Molecular Necklace is a 29' diameter floor representing a molecular model of a new polymer synthesized at the University of Akron. It is a chemically accurate computer image manipulated into the form of a star. Its meaning is further enhanced by being made up of polymer materials inlaid into a traditional cement and marble terrazzo composition.
This image speaks about several things simultaneously - a polymer chain representing the cutting edge of polymer science (1994 "cornerstone" for the building), a reference to the legendary "Star Mound" in the Cuyahoga Valley, a necklace celebrating the new Akron Convention Center and the future boost to Akron's economy from polymer science research, and the crossing of ancient and modern images in the association of fresh water pearls used for trade and found in the ancient mounds, with computer visualized molecules.
Polymer chemistry plays a role in exploration. Communications and electronics are all parts of our reach to the unknown. I found a reference point for the future in the distant past where artifacts discovered by archaeologists tell us something about the ancient peoples of our area, the Mount Builders of the Cuyahoga Valley. Having grown up in Northern Ohio, I am still fascinated with these mysterious peoples.
Dwellers in these ancient civilizations manipulated nature, and some of the earthwork mounds still exist. Legend has it that there was a "Star Mound" at the south end of what is now the Cuyahoga Valley National Recreation Area. Actual excavations of other sites reveal two materials found in abundance in the mounds - thousands of fresh water pearls, used as necklaces and trade objects, and mica that was mined in North Carolina and traded north. I have used a touch of five fingerprints as the origin points of the central space and energy for the floor "Molecular Necklace." A star also marks a capital, and Akron, Ohio was the former rubber capital of the world.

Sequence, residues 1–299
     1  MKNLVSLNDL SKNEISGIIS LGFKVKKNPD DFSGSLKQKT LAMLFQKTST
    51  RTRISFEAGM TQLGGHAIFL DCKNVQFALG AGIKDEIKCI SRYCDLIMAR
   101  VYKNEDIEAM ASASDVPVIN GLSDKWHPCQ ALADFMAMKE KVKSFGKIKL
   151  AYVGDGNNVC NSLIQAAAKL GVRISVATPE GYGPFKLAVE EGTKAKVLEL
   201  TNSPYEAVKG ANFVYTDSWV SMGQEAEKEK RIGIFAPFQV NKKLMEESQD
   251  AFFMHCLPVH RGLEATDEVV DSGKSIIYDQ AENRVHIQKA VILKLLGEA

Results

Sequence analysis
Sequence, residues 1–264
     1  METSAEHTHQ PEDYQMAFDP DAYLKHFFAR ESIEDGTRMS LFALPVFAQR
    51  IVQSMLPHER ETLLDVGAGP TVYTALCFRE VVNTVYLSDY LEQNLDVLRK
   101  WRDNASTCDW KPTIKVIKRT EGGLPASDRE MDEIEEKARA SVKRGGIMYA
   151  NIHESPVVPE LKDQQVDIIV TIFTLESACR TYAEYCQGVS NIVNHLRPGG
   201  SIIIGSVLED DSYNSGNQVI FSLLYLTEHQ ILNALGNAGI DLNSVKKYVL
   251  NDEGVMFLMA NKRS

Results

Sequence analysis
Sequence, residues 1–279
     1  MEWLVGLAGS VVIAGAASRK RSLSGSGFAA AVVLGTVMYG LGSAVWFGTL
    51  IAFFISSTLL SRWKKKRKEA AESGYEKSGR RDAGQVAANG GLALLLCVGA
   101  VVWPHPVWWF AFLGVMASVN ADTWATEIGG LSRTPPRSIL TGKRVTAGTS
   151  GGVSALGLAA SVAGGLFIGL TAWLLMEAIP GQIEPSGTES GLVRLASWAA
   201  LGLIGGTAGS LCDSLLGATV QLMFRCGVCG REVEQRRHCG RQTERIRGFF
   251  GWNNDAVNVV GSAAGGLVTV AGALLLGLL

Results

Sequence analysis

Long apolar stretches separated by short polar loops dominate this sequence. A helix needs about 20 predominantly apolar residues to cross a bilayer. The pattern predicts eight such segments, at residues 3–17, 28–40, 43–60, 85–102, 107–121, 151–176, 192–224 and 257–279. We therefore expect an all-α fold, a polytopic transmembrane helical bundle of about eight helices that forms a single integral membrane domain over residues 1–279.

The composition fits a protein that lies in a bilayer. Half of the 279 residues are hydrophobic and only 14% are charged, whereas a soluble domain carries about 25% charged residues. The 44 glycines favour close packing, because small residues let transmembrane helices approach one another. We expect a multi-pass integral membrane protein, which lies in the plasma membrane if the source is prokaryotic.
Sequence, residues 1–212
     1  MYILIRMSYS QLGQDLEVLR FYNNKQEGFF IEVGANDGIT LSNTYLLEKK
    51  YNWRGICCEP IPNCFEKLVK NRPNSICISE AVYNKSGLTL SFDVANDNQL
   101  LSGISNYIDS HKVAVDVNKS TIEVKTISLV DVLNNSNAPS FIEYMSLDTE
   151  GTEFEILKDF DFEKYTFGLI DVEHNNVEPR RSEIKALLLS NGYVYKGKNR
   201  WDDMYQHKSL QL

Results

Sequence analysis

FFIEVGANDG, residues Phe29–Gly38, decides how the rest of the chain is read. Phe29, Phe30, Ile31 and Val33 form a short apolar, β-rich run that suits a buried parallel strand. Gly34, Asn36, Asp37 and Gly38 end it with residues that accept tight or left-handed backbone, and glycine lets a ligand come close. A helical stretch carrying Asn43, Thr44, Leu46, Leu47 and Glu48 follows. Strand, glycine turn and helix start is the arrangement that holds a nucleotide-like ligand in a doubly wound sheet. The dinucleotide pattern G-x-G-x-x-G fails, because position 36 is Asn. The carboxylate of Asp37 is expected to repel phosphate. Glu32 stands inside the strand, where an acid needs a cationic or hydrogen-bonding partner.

During Akron's heyday of manufacturing, the observatory built on campus became inactive due to impaired visibility. Today, polymer research holds a part of Akron's future. If clean industries are well-managed here, Akron's stars will be visible for future generations.
©1979-2016 Laura Sindell
Web Authoring: Todd Metten